PUBLIC HOLIDAY MONDAY 12th OCTOBER Bracklinn Practice will be open in the morning as usual, and closed in the afternoon for staff training. When the practice is closed, please contact NHS24 (111) for urgent medical attention. Thank you for your co-operation. Margaret Davis Practice Manager
FLU VACCINE CLINIC FRIDAY 2nd OCTOBER SAVE THE DATE This years open flu clinic is on Friday 2nd October. Leny and Bracklinn Practice will be available for vaccines between 9am â€“ 5.30pm. Come along at any time during the day. If you are unsure whether you are eligible please contact your surgery beforehand. Due to the staff concentrating on the vaccines on the 2nd October, there will be emergency clinics only and no repeat prescriptions printed.
Bracklinn Practice If you require urgent medical attention when the surgery is closed please contact NHS24 on 111. Make sure you have enough medication to last you over the holiday period, and if you think you will run out, order your medication early or ask for 2 months supply. See notices on Unattended Appointments - October PH Flu Vaccine Clinic 9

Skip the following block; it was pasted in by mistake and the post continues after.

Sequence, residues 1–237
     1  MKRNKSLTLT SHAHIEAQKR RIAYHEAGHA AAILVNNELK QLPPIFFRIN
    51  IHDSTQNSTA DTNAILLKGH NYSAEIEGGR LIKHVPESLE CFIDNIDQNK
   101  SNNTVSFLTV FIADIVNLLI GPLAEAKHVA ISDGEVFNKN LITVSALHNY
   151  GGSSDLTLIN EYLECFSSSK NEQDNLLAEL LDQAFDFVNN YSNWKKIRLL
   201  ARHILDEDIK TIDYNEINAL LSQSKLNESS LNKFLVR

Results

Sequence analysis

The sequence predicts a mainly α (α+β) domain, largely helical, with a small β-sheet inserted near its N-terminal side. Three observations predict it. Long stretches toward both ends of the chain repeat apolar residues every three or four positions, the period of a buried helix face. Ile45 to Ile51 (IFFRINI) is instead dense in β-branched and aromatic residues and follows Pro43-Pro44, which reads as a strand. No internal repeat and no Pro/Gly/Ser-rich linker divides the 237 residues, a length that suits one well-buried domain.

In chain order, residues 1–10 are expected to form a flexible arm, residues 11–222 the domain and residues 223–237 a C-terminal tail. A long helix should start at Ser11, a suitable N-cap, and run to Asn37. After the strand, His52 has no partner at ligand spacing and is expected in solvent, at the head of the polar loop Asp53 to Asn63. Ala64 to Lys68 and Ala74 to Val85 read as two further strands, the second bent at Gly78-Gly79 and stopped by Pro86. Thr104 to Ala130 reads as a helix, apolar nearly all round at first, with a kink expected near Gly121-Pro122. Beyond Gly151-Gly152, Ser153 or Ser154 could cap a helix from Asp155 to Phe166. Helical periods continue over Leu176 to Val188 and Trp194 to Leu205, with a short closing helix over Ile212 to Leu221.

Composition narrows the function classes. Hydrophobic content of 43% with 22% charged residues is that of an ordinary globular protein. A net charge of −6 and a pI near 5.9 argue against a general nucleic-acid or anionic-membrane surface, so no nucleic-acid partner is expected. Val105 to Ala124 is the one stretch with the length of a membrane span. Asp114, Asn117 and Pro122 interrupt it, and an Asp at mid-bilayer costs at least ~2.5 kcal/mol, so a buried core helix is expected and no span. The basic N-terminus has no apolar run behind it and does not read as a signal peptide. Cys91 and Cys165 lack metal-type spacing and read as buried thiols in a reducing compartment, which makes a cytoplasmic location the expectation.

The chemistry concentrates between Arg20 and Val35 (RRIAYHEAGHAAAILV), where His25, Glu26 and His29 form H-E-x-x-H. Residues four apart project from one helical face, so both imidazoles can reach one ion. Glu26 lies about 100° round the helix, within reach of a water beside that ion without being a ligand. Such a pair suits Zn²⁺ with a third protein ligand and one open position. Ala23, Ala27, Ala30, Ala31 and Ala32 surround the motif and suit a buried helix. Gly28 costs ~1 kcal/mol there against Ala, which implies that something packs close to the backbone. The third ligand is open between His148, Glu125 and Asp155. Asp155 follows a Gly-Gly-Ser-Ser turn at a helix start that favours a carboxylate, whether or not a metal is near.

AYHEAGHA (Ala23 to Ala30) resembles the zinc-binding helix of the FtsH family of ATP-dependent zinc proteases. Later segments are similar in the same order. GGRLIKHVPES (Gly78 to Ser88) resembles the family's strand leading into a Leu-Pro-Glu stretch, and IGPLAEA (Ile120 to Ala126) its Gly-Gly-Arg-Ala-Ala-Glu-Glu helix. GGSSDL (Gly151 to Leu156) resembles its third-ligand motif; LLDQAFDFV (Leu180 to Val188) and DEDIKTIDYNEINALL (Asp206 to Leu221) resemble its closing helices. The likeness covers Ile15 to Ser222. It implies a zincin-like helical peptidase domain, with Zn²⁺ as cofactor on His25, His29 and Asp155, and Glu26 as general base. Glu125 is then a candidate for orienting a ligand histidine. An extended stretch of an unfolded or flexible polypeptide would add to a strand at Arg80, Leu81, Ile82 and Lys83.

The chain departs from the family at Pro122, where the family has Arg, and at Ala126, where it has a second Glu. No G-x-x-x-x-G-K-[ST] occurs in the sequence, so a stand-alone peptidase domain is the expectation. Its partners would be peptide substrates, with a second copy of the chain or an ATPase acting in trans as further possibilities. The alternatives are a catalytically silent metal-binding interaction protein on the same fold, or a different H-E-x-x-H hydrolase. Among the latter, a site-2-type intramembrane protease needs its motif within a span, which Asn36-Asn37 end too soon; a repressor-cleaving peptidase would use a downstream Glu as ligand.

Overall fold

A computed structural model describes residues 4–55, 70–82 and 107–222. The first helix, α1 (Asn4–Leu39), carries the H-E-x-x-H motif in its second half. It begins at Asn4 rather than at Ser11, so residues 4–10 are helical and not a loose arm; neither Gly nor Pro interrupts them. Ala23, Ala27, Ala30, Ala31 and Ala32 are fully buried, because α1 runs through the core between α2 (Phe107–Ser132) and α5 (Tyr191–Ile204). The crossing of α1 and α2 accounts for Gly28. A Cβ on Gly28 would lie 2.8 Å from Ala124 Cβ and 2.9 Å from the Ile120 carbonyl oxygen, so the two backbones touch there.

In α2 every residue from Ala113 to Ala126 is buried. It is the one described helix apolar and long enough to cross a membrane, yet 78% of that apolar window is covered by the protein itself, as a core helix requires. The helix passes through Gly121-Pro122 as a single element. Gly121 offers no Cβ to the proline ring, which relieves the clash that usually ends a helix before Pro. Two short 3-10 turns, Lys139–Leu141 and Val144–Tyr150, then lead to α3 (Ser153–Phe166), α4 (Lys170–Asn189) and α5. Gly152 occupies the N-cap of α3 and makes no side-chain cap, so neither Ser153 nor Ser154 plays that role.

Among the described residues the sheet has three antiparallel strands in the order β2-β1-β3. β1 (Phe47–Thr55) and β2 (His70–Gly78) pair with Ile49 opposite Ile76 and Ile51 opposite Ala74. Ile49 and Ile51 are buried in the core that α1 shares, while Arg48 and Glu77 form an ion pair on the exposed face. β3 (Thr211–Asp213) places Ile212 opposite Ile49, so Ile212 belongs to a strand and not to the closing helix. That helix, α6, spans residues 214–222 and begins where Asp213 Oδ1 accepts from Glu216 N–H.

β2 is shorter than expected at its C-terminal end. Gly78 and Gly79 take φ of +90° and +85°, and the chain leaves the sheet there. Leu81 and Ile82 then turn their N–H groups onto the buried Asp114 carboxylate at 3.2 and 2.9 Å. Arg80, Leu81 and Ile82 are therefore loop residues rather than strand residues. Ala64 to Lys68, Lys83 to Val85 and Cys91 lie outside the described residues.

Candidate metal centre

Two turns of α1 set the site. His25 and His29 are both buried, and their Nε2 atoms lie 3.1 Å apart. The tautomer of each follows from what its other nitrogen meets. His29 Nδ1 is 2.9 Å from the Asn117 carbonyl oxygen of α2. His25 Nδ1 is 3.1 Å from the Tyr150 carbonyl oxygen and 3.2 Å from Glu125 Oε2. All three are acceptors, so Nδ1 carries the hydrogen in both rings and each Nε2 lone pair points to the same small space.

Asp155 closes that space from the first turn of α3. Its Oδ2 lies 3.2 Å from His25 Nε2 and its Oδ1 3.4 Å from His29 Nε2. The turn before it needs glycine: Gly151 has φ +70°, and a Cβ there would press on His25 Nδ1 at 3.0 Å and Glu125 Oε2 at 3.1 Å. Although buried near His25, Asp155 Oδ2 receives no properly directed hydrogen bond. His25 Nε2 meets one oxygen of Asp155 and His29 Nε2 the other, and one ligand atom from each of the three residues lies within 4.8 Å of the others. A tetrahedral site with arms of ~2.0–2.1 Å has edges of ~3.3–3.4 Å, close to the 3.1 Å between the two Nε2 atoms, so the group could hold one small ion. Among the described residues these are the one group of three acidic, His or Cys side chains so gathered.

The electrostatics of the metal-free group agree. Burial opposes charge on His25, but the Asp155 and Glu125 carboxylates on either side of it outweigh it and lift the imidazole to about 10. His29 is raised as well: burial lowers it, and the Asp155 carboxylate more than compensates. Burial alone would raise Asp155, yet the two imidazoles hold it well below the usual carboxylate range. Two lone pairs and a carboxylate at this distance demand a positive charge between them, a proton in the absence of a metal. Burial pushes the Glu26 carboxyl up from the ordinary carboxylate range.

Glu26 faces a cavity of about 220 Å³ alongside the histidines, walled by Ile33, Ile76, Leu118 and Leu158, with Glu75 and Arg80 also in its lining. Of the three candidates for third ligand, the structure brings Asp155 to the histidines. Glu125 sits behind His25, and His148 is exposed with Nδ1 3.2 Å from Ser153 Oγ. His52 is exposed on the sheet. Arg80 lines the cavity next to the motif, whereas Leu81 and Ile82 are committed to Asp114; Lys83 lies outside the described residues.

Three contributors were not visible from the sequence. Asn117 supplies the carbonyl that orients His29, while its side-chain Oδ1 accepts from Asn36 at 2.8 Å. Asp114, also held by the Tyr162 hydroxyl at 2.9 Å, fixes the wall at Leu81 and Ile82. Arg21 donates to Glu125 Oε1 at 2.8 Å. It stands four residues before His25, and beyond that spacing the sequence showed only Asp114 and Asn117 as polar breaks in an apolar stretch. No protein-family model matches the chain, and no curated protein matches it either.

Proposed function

eggs and - their life-cycle complete shortly afterwards die (2).
By Gareth Kett Loch Lomond and the Trossachs National Park This year’s cool, damp spring and summer hasn’t been great for visitors to the National Park and has been disastrous for some of our breeding birds, but it hasn’t deterred one unusual couple. Most of us are aware of the attraction of exotic partners, but you may not be aware that this can apply to geese. This has been the case this year on Loch Voil where a native female greylag goose paired up with an exotic male Canada goose, despite the attentions of a number of potential greylag suitors. The happy couple (pictured) raised three young. We’re uncertain of the precise plumage the young will bear, but greylag x Canada goose hybrids